Investment management according to the business encyclopedia is the act of buying and selling investment with a specific objective in mind. It refers to activities done over a portfolio that include but not limited to trading of securities, bonds, real estate and shares. It also entails the art of budgeting, banking, and paying taxes as well. Investment management has other names: private banking, portfolio management, and money management.
Managing one’s investments requires a specified goal in mind that investors or a group of investors wish to meet. Those taking part can be a group of individuals, for example, Diamond and Diamond lawyers, who want to increase their wealth or institutions that hire fund managers to advice on investment choices that whole entities, for example, pension funds or insurance companies, and can benefit from taking part. Fund managers, in that case, would offer financial analysis, asset allocation, provide a selection of stock options to the client and keep an eye on current investment. For execution to take place, a fund manager or investment manager has to work with individuals or entities to understand their goals, plan accordingly and manage both tangible and intangible investments.
Investment management is changing. In the US, according to Deloitte, 95.8 million people are investing in mutual funds as well as exchange-traded funds. That constitutes for about 44 percent of households in the country. There has been a steady growth in the past five years, but experts say that in 2018 and onward, millennials will cause a shift in how the industry operates. Their optimism in the stock market and returns is the primary reason for this. Given that most investment management firms work with older generations, it in their best interest to shift their focus to this age bracket to avoid losing out.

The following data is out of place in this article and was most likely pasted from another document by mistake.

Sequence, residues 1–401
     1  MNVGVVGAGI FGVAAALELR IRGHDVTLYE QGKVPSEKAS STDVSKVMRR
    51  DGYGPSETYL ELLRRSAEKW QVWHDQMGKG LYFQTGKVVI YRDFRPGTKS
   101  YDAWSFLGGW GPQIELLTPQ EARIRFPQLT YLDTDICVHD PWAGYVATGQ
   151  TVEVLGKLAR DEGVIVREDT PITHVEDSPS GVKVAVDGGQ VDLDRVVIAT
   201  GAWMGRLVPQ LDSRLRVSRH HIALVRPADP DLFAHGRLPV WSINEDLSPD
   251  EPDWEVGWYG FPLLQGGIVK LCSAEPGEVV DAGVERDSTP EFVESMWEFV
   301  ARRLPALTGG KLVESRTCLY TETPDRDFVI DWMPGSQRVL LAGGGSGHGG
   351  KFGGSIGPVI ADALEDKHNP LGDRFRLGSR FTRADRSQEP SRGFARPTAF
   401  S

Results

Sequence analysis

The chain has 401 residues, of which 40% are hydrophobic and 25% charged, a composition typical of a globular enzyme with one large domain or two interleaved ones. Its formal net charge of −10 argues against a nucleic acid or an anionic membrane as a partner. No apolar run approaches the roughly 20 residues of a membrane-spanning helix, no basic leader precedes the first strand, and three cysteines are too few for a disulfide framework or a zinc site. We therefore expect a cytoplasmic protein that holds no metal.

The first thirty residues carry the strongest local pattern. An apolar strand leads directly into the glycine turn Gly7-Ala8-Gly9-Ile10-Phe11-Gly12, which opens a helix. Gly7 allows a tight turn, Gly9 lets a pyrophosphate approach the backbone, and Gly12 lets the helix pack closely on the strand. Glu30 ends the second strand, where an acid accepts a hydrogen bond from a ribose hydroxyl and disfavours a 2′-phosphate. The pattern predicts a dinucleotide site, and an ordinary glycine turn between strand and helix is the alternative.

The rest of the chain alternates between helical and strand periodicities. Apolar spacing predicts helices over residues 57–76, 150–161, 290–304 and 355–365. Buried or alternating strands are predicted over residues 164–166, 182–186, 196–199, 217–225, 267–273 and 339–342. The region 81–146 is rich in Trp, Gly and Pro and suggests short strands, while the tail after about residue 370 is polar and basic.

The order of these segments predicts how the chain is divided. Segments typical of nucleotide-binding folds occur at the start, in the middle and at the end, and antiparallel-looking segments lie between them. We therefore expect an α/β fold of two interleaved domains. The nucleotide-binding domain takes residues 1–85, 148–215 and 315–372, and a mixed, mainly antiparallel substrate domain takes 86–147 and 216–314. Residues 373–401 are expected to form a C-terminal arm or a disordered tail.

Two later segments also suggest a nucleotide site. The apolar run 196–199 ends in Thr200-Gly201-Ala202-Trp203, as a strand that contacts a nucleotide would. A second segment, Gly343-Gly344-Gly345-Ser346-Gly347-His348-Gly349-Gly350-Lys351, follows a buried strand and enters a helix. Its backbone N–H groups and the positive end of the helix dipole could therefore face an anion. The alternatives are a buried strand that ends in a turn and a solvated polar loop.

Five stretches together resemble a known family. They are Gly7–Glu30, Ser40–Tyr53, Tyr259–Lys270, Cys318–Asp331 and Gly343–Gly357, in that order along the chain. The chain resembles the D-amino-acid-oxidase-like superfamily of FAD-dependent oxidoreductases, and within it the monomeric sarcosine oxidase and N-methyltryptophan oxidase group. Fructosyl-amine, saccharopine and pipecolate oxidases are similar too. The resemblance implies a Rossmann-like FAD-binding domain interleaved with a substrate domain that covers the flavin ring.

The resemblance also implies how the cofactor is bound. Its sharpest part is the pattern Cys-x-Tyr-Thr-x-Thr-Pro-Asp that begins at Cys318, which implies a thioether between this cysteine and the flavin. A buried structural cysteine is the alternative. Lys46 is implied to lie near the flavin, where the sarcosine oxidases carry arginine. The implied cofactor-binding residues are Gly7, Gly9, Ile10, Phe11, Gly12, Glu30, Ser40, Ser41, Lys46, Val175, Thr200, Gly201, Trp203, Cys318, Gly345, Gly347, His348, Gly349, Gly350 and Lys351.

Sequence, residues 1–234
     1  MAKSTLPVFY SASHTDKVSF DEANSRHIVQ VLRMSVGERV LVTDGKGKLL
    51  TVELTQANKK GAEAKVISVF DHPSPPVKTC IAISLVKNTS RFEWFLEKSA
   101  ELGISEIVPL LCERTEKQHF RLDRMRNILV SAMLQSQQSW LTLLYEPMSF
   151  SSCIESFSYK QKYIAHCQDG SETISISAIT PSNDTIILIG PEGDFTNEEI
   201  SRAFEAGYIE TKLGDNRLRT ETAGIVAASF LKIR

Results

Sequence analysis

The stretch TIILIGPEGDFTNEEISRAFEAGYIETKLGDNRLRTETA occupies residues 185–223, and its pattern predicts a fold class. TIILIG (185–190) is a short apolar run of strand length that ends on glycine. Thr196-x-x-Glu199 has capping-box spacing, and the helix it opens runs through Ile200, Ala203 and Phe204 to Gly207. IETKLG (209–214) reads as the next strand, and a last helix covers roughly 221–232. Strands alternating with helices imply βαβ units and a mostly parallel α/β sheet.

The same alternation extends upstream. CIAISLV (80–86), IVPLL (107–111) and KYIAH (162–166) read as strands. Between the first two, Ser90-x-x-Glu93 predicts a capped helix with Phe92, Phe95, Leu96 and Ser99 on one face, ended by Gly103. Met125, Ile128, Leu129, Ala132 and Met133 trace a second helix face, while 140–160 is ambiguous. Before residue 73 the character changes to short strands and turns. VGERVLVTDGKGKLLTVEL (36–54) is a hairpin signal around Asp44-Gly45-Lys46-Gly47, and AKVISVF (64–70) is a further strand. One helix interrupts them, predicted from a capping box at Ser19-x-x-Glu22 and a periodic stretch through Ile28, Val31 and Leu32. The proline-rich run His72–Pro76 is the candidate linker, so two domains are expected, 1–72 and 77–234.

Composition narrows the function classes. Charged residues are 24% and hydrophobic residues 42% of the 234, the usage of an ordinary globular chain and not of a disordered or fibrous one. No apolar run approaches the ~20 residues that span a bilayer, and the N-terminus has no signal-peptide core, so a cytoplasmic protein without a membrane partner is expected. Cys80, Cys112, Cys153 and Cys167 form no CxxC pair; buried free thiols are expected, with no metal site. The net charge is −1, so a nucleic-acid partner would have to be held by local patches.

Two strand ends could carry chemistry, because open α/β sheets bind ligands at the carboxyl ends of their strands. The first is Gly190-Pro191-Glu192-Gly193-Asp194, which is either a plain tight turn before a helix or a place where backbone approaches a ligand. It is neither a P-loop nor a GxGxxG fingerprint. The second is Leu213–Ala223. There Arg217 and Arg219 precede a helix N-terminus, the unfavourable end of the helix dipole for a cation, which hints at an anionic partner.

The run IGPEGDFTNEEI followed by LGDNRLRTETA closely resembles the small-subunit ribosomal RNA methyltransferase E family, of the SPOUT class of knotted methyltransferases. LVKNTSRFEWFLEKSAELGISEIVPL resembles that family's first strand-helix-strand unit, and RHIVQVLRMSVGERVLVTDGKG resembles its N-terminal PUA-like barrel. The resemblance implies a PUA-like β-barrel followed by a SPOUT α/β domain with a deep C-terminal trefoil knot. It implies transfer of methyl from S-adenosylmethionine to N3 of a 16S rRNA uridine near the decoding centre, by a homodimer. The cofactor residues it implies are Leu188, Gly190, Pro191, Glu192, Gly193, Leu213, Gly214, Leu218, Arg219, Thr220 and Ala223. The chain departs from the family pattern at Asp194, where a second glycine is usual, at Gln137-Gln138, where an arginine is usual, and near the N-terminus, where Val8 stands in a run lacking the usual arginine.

How much is the investment management industry worth? According to a 2017 PricewaterhouseCoopers report, in 2015 it was estimated to be worth $79 trillion. While this number is significant, investment management firms are not entirely on the winning side. The market’s behavior affects their revenue model. That means when the market is underperforming; their profits take a hit. An additional difficulty in firms comes from clients unhappy with the state of their portfolio. During hard times, retaining clients becomes a struggle. It is, therefore, the role of seasoned manager to quell impatience in their clientele.
These same managers ought to now focus on Millennials as more Baby Boomers age and reduce significantly in the global economy. To remain relevant and competitive, they have to tailor their services to attract Millennials’ behaviors and expectations.